It’s also wildly accurate: GS tests it for 20 days to a standard of +5 to -3 seconds per day. And beyond this impressive movement is super cool housing: a Zaratsu-polished case in titanium measuring 43.2mm with a box-shaped sapphire crystal, a matching bracelet with a three-fold clasp and push-button release, plus a screw-down crown and a sapphire case back. The dial is in a blue “Mt. Iwate” pattern with a date window, a triple-register chrono display, and applied indices and hands.
A black ceramic bezel with a tachymeter scale rounds out the design which, with its black, blue, and steely looks, cool movement, compelling design, and practical feature set, is poised to be one of the most exciting of Watches and Wonders 2023.
Movement: Grand Seiko Calibre 9SC5 automatic
Case Material: Titanium
Hublot Debuts a New First
Believe it or not, there are still a few watches that Hublot hasn’t made yet — one of which is a watch with both a tourbillon and a retrograde display, in which the time is read along a semi-circular axis rather than around the periphery of a conventional dial. Well, the Nyon-based Swiss brand is remedying that this year with the new 44mm Big Bang MP-13 Tourbillon Retrograde Bi-Axial Titanium.
And this enormous bruiser of a watch doesn’t just feature any old tourbillon — which would be impressive enough on its own, mind you — but a bi-axis tourbillon constructed entirely in-house by the brand. (While a standard tourbillon makes one rotation every, say, 60 seconds on a single axis, this one makes a second rotation every 30 seconds on a secondary axis, effectively doubling both how mind-blowing the engineering is, and how useless a tourbillon is in a wristwatch.)
But forget about that for a moment. (I know I would if I were about to plunk down $158,000 on a watch.) Above the bi-axis tourbillon flitting about at 6 o’clock is a retrograde timing display positioned above a skeletonized movement, the hand-wound HUB6200. With its 96-hour power reserve, it can be viewed from both the dial side and underside of the case due to dual sapphire crystals. Housed in a polished and satin-finished titanium case and limited to 50 pieces, it’s a pretty wild object, and of the most notable of Hublot (myriad) 2023 releases, to our minds.
Movement: Hublot HUB6200 hand-wound
Case Material: Titanium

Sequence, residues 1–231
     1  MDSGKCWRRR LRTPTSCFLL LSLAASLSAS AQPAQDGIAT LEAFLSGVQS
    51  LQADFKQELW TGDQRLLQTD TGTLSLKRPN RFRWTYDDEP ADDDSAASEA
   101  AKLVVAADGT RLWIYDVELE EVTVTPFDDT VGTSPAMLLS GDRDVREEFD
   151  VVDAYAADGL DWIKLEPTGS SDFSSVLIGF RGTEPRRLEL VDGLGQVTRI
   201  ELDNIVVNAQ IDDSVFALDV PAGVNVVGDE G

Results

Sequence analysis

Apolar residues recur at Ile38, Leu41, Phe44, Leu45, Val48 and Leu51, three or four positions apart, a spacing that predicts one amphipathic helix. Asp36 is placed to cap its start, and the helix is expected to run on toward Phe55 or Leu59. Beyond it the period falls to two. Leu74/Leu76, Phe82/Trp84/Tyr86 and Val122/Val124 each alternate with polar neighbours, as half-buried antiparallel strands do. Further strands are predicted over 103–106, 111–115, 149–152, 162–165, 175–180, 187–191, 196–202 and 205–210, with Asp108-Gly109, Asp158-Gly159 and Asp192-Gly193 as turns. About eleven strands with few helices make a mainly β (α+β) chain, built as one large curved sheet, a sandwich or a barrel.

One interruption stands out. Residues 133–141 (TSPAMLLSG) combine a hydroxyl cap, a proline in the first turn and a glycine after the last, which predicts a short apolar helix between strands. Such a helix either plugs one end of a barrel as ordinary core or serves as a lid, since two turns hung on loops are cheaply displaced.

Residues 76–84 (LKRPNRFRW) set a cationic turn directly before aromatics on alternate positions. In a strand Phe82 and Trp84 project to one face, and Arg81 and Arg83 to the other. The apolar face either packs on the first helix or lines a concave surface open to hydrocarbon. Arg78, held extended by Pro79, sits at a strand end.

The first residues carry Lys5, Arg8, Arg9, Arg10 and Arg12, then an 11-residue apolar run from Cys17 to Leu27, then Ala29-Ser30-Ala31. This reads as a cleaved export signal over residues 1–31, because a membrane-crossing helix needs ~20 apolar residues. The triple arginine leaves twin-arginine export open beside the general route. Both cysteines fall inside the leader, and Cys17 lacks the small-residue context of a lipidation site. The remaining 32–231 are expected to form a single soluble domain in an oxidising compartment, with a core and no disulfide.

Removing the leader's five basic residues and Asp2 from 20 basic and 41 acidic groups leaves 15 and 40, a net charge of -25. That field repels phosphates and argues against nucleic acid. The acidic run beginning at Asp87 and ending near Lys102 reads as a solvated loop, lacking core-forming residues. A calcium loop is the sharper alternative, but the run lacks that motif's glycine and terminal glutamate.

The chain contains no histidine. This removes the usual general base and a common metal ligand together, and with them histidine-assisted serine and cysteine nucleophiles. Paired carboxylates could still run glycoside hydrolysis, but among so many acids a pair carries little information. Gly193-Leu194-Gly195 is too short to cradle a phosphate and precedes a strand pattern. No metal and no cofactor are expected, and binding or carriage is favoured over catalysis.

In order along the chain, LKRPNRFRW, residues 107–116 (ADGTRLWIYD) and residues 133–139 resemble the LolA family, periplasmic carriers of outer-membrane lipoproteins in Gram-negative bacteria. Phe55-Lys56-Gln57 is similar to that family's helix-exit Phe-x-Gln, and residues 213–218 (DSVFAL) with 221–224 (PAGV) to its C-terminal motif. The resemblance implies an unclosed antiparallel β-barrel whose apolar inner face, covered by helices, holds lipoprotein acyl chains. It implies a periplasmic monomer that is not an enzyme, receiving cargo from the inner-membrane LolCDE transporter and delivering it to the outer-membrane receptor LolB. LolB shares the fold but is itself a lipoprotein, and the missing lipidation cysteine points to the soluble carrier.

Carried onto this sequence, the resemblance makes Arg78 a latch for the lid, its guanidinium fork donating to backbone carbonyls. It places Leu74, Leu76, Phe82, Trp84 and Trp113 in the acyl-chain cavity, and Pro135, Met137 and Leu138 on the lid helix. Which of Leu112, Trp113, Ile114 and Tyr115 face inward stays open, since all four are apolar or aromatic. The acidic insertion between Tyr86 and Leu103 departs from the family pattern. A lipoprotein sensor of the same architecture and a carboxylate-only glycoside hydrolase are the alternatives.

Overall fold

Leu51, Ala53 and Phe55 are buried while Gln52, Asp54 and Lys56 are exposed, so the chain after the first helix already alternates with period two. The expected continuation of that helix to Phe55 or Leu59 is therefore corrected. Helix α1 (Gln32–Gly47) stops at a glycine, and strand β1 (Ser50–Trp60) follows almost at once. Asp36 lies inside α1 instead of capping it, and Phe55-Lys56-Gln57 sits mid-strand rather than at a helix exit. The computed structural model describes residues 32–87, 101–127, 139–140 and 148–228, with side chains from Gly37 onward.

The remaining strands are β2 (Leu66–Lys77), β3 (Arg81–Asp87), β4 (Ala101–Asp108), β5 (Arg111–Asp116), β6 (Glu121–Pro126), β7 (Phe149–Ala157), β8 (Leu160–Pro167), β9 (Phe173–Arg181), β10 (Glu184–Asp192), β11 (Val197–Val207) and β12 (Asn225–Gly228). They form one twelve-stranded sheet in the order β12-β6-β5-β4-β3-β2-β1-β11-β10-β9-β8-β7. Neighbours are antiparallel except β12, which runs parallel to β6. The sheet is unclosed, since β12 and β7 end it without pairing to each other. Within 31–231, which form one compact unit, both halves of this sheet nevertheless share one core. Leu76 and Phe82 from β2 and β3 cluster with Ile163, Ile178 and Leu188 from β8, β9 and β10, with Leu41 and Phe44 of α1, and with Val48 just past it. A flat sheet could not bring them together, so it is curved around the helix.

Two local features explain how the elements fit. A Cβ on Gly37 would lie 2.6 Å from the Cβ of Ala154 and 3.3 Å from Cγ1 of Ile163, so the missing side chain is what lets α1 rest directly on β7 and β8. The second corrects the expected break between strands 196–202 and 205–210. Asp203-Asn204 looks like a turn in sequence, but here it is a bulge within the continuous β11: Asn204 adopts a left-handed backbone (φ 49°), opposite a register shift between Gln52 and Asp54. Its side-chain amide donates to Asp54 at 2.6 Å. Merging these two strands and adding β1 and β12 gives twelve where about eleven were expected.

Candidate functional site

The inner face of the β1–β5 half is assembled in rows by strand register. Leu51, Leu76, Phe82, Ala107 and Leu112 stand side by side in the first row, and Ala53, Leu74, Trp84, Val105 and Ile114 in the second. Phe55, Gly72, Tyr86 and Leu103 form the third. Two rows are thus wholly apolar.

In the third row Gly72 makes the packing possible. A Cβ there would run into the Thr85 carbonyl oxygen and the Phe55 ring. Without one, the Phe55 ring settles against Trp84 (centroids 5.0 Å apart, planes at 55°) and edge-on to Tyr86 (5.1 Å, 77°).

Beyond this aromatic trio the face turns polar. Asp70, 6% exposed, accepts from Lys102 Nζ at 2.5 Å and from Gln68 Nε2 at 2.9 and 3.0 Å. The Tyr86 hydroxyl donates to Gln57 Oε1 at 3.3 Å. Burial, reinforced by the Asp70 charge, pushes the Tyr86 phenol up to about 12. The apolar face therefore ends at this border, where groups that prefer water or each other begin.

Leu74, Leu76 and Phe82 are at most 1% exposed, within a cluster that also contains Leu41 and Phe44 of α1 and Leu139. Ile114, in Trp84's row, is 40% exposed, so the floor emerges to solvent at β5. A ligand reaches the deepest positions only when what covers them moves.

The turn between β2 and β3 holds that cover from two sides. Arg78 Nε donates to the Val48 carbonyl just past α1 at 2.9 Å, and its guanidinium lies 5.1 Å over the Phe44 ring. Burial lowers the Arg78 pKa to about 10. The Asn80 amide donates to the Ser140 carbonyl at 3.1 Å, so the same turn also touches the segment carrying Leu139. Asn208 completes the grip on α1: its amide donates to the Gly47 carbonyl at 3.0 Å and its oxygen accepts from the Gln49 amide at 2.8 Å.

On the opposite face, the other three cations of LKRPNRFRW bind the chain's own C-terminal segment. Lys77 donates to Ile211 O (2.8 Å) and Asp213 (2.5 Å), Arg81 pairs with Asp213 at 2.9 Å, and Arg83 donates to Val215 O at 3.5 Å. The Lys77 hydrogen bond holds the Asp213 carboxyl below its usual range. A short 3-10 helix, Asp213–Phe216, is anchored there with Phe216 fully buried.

Oris’s New Pilot’s Watch Makes Us Green with Envy
When Hölstein-based independent watchmaker Oris dropped its ProPilot X Calibre 400 in 2022, the watch world was understandably pretty excited. After all, this thing a) looked dope as hell b) made use of a new(-ish) in-house movement c) was available in several eye–catching colors d) was sized well for both men and women, and e) was fitted to a most excellent bracelet. (And f) was made out of titanium. Almost forgot.)
This year, it’s no surprise that Oris is expanding the collection to include a new model — but the direction taken by the brand may surprise some. Adding to an already pastel-influenced smattering of dials is a bright green dial — one that’s themed around Kermit the Frog. Part of the Oris x Disney’s The Muppets collaboration, it’s the same 39mm titanium watch we all love, but in Kermit green and with a date window that features a small cartoon Kermit that appears on the first of each month.
Outfitted with an impressive movement that features a 5-day power reserve and featuring the product line’s extra handsome grooved bezel and crown, the Oris ProPilot X Kermit Edition comes in a special presentation box and carries a price of $4,600.
Movement: Oris Calibre 400 automatic
Case Material: Titanium
Panerai Dropped Its Very First Annual Calendar
An annual calendar is a thing of beauty, a complication that keeps track of the day, date, month, and sometimes the phase of the moon automatically (with the exception of February, at the end of which it needs manual adjustment.) Panerai has never before had an annual calendar in its collection, but it’s remedying that with the introduction of the new Radiomir Annual Calendar reference PAM01363.